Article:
- Mortgage Type: There are many mortgage options available depending on your credit, income, classification, and even the location of your home! With the same credit score and the same lender, you could get very different rates and conditions depending on the mortgage type. There is no such thing as the “best loan” because many mortgages and mortgage programs serve different purposes.
What Mortgages Can You Get with Bad Credit?
Now that you know where you stand and what mortgage lenders consider, it’s time to pick the best mortgage for you. This largely depends on you and can change with your financial situation.
The first place to look is at your state’s local housing authority. Each state has its own unique mortgage programs that can help make the homebuying process easier. These programs are generally targeted toward first-time homebuyers, veterans, and homes within federally designated target areas.
If you’ve looked into your state’s local options and can’t find what you need, the federal government has programs that create federally-insured mortgages with lower mortgage rates and requirements, which include:
- Conforming Loans: These loans are mortgages that meet the minimum requirements according to the Federal National Mortgage Association (Fannie Mae) and the Federal Home Loan Mortgage Corporation (Freddie Mac). They typically have lower requirements for income, credit score, and minimum down payment while still having competitive mortgage rates. The HomeReady program only has a minimum down payment requirement of 3% and the HomePossible program has low-interest rates, minimal down payment requirements, and no credit score requirement.
- FHA Loans: FHA Loans are mortgages insured by the Federal Housing Administration (FHA). FHA Loans are good for first-time homebuyers with lower incomes or limited savings available for a large down payment. However, even if this describes you, a conventional loan may still be the best option and it is important to understand the differences. If your credit score is between 500 and 620, this mortgage is a great option. They limit their mortgage terms to either 15 or 30 years but have competitive mortgage rates even beating out most private loans.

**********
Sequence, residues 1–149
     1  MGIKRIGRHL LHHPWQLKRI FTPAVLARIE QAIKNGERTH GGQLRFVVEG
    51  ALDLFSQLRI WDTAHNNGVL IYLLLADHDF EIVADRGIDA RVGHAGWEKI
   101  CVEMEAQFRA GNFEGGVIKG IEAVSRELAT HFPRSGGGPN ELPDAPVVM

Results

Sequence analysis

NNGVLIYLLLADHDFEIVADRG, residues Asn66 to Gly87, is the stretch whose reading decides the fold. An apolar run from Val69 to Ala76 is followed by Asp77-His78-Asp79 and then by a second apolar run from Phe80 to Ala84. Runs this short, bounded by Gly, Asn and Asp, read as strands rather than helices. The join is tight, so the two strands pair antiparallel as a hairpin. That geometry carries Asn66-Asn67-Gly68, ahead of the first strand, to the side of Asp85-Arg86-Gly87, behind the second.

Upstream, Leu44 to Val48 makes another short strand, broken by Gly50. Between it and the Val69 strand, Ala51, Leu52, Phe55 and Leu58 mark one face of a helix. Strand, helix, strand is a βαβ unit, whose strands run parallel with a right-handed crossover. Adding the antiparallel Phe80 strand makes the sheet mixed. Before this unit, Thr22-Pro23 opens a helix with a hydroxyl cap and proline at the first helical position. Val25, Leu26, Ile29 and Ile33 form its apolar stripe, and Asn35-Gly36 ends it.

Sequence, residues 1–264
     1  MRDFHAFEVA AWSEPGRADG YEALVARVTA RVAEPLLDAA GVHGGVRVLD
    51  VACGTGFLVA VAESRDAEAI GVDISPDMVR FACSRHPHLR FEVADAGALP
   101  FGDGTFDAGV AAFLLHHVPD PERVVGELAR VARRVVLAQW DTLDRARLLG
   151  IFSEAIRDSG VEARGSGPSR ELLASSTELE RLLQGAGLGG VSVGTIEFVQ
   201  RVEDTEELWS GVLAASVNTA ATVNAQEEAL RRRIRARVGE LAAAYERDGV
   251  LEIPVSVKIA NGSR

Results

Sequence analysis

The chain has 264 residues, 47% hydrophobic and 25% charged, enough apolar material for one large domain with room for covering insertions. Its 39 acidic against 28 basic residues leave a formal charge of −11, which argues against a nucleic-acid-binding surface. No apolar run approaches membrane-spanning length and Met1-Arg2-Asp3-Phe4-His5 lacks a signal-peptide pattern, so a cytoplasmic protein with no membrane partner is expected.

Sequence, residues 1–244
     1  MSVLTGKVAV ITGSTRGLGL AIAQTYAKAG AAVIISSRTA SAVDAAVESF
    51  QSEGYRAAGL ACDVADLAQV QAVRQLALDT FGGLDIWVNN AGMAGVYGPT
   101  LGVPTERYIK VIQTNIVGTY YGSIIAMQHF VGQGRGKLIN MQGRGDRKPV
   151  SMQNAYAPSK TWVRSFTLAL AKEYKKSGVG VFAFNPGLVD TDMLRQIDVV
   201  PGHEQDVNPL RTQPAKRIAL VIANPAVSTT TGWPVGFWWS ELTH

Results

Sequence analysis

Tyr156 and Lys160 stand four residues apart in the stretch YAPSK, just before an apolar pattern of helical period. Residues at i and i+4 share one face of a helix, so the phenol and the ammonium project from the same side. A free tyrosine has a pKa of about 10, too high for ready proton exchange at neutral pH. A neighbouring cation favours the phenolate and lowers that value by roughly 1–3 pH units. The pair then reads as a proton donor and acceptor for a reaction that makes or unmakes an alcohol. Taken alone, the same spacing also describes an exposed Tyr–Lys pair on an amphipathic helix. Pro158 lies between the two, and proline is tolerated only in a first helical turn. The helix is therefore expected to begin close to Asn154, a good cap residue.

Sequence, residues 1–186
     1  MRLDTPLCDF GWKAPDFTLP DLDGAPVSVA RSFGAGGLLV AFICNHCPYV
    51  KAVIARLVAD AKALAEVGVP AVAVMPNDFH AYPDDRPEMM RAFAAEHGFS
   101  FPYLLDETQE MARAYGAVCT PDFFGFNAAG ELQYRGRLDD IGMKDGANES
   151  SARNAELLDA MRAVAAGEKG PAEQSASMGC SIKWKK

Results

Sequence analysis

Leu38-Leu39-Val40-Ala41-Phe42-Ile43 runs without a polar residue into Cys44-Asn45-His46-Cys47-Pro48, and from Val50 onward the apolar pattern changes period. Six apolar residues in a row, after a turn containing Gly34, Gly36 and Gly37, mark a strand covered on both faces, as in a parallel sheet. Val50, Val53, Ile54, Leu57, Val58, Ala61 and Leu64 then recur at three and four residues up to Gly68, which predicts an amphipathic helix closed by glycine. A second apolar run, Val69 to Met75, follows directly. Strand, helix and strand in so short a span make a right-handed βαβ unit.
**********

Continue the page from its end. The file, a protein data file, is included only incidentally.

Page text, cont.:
- VA Loans: VA Loans are mortgages insured by the United States Department of Veterans Affairs (VA). If you’re active military personnel or a qualified veteran, and you meet the minimum requirements, in most cases, this loan would be your best choice. VA Loans don’t have minimum credit score requirements but you should still aim for a score of at least 620 for a better chance of being approved. These loans have low mortgage rates, no mortgage insurance premiums, and no minimum down payment requirement.
- USDA Loans: USDA Loans are mortgages insured by the United States Department of Agriculture (USDA). If you are looking to purchase a home in a rural area and have moderate to low income, this loan is ideal. These loans have no minimum credit score requirements at all and no minimum down payment requirements. The only downside is that these loans only have mortgage terms of 30 years but their mortgage rates are just as competitive as other federally-insured loans. If you have poor credit or trouble improving it, these loans are perfect for you.
By now, you hopefully understand that having bad credit doesn’t eliminate your chances of owning a home. Without improving your credit, there are still several options available but don’t rush.
If your credit is below 500, even if you can get a mortgage, you might be stuck making a 10% down payment. And if your credit score is below 740, it’s still worth it to improve your credit to get those first-class mortgage rates. Your key takeaway should be that getting a mortgage is far from impossible. But this would probably be the largest investment of your life, so you should take the time to do it right.